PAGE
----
Many dog lovers, especially those of you who just received the news that your dog has cancer, feel very overwhelmed.  This is very common and completely natural. So many questions arise.  How did this happen?  Where did the cancer come from? Why wasn’t this picked up before?  Is it the food? Vaccines? Chemicals? What do…

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But my vet has not heard of this….

Dear dog lovers, I have been deluged with comments that some vets out there, maybe even most, have not heard of many of the approaches to dealing with cancer that are beyond surgery, chemo and radiation. As a consequence, there seems to be a large “black box” as to what to do, how to arrive…

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Is it for me or for my dog?

Decision making when loving a dog with a cancer diagnosis can be tough. Many times we will experience some degree of confusion in decision making.  There are many options that are presented.  Should I allow chemotherapy? Amputation?  Is radiation really worth it? I think that a lot of the difficulty may not actually relate to…

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Is The Cause of Cancer Really Not Known?

Conventional vets (and I count myself among this group) suggest that the cause of cancer is not known. Well, this statement rests on a faulty premise, because there is no single cause of cancer.  Cancer is the product of many separate steps that all must occur before the disease happens. So of course the cause…

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Dog Cancer Words You Should Know: Grade and Stage

I think it is important to clear up some words about dog cancer, and cancer in general.  It helps to define what you are talking about with the vet or oncologist so you can get the best info to make your decisions. As your dog’s primary health advocate, you will be called upon to make…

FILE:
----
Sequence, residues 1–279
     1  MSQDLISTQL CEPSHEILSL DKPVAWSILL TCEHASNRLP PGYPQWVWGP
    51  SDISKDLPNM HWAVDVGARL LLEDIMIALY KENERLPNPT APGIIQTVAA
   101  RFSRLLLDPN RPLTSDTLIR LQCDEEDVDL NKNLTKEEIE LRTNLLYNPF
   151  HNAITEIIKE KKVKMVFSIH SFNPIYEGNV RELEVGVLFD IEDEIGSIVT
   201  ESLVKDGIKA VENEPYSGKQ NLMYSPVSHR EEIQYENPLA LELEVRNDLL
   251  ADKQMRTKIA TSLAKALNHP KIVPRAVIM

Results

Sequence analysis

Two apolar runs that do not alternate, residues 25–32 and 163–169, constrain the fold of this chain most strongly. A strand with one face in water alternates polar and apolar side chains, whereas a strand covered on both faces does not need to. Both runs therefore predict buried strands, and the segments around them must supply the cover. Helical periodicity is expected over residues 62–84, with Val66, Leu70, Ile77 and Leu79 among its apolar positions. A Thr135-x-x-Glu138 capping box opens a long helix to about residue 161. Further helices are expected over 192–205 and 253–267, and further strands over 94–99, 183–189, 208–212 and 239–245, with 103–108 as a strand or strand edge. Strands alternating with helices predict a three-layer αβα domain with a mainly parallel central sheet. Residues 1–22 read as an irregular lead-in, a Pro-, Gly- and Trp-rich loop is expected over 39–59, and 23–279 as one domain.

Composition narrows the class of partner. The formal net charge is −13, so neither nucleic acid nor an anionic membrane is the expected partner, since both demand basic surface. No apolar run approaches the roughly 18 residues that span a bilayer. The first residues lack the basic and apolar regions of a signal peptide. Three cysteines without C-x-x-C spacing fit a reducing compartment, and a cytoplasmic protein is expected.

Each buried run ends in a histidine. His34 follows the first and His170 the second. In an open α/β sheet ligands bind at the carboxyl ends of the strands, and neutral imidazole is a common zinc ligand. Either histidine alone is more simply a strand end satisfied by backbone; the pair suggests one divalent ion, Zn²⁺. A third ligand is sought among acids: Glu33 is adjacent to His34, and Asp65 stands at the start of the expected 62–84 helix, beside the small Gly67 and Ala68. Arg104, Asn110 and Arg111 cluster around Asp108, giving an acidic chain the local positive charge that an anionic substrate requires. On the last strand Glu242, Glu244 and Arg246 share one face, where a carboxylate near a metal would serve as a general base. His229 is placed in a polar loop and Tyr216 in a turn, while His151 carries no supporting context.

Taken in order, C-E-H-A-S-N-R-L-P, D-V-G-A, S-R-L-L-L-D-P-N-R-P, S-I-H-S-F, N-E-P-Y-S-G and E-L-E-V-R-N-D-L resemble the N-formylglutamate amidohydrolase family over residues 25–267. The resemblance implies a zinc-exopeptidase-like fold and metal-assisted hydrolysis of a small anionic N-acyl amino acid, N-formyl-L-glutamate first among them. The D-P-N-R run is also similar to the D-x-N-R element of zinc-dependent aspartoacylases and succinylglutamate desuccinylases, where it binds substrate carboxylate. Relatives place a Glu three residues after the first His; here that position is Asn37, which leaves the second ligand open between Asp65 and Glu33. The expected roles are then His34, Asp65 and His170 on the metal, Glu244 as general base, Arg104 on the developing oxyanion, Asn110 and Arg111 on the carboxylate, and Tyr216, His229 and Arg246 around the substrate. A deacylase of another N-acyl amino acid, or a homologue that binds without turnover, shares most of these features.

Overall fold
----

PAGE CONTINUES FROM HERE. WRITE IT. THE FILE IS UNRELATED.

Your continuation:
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Dog cancer: What is Micrometastasis and Why Do We Care?

I get a lot of inquiries that relate to whether a cancer is gone after it is removed, or what will be the outcome. Sometimes these are tough to answer, and the reason is micrometastasis. Micrometastsis occurs when a cancer spreads from a site, but the spread is not detectable by the usual means available. …

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Fine needle aspirates to diagnose dog cancer?

Hi everyone, I have been getting questions about the best way to gather info about growths in dogs.  So, let’s take a look at a common technique used to accomplish this…a fine needle aspirate. First of all, a fine needle aspirate is not a biopsy.  A fine needle aspirate is a sample of the mass…

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Biopsy results are in…

The biopsy results are in for the biopsy I performed on my dog Bjorn and it is good news.  

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Biopsy Procedure for Dog Cancer

This video is of the actual biopsy procedure of my dog Bjorn.  It is not too bad to watch.  If you would rather just read, all the information you need is in The Dog Cancer Survival Guide.  

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dog cancer biopsy preparation

This video shows me preparing for a biopsy procedure on my dog Bjorn.